Developing efficient crop fertilisation has become an ever-growing concern given the increasing demand for global food production. Slow-release fertilisers have been developed as a strategy to increase the efficiency of crop production while minimizing nutrient waste, reducing negative environmental impacts and enhancing crop yield. Mechanisms for controlled nutrient diffusion include semi-soluble or complex forms of the nutrient, slow hydrolysis of water-soluble compounds, and encapsulation of the nutrient within semipermeable or permeable coatings for controlled solubility/release (among many others). While slow-release strategies are promising, technical limitations such as the brittle nature of inorganic coatings and composites or the imperishable nature of synthetic polymer coatings hinder their industrial utility.
In a collaborative study published by Professor Justin Chalker of Flinders University, the group sought to develop an efficient and durable slow-release fertiliser derived from canola oil and elemental sulfur. Sulfur is highly appealing given its low cost, abundance, and that it is a secondary plant nutrient and fungicide. Numerous studies and years of research, however, have demonstrated that a persistent limitation of sulfur-coated fertilizers is their brittle nature. The present study, therefore, focused on converting sulfur to a more durable polymer form to be used as a composite with or encapsulate NPK (nitrogen, phosphorous, and potassium) nutrients.
Inverse vulcanisation was used to prepare the sulfur polymer. In this process, elemental sulfur is heated to promote the production of thiyl radicals which can react with an unsaturated small-molecule cross-linker. In this case, canola oil was used as the cross-linker to form a polysulfide polymer capable of encapsulating NPK nutrients.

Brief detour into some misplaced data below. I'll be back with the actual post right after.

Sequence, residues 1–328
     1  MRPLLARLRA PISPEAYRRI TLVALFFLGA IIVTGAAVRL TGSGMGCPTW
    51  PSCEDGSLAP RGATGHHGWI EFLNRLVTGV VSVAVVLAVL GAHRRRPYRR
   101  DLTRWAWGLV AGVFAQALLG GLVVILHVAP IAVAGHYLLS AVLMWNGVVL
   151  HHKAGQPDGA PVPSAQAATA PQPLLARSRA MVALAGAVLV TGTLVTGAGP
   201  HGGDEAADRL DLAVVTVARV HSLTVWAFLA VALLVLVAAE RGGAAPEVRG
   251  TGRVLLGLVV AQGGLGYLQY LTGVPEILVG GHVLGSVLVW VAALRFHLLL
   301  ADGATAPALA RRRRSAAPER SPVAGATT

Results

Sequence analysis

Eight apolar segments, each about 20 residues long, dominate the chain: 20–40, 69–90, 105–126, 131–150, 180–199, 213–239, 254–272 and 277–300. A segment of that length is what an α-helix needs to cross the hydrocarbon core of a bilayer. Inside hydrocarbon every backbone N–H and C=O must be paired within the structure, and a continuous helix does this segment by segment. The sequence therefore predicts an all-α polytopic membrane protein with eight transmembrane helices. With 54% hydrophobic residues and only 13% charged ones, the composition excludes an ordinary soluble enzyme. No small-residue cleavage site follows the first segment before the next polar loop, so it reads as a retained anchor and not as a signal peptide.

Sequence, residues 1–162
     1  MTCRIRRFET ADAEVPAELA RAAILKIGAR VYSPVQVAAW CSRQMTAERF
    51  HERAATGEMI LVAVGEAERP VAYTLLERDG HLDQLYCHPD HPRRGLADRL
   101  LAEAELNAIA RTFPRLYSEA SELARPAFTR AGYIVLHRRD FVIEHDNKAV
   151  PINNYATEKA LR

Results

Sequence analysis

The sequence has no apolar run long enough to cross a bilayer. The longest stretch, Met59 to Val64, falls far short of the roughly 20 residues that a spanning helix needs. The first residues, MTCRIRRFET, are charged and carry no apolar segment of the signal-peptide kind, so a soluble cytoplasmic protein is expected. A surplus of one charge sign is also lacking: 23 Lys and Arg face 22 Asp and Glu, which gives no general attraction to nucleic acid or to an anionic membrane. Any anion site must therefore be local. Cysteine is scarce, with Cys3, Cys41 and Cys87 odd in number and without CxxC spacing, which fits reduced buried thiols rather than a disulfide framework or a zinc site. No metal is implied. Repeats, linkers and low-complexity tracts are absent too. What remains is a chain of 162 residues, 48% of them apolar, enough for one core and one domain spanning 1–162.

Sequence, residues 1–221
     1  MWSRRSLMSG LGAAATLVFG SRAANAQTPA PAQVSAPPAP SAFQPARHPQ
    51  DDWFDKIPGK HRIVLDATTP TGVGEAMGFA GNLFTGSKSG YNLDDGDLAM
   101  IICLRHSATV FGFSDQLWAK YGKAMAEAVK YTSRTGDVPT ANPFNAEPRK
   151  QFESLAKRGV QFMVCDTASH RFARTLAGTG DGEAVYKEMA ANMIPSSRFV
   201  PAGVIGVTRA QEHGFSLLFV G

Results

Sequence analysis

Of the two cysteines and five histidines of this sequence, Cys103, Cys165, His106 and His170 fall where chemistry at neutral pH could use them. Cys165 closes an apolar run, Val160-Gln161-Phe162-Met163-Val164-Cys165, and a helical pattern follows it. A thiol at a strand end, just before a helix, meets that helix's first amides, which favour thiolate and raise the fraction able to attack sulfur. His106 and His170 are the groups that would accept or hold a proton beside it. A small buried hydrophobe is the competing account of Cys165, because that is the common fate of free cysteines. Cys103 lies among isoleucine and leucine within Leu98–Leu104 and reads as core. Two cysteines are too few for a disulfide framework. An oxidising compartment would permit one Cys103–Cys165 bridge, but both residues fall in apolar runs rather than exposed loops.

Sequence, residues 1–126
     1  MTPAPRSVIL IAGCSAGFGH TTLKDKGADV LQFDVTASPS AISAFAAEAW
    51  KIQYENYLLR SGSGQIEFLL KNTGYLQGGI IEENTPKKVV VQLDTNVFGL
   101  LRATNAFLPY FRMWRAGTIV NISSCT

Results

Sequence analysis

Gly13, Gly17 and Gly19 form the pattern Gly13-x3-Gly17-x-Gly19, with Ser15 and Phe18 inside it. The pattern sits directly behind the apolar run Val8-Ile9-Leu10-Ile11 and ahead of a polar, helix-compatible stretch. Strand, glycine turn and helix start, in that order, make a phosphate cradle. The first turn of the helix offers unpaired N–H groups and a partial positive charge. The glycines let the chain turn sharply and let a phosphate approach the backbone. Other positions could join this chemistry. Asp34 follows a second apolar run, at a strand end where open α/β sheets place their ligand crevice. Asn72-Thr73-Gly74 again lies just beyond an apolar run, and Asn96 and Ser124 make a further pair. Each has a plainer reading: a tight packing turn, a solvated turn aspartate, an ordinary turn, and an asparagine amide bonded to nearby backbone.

Elution studies in which fertiliser is placed in a soil column and conductivity of the outflow is measured demonstrated the superior capabilities of the sulfur-encapsulated NPK fertiliser in controlling NPK nutrient release relative to free NPK. A small-scale plant growth study also found that plants treated with the composites were significantly healthier and produced more fruit relative to other groups. What’s even more exciting is the fact that the canola oil polysulfide can be made from recycled cooking oil, converting food waste into valuable fertilisers.
With the rising challenge of feeding a rapidly growing population while also mitigating damaging environmental impacts, studies such as this that make significant strides toward efficient and sustainable agricultural practices are more important than ever.
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Victoria Corless has recently completed her Ph.D. in organic chemistry with Prof. Andrei Yudin at the University of Toronto. Her research is centered on the synthesis of kinetically amphoteric building blocks which offer a versatile platform for the development of chemoselective transformations with particular emphasis on creating novel biologically active molecules. She is passionate about communicating new discoveries to enhance science literacy.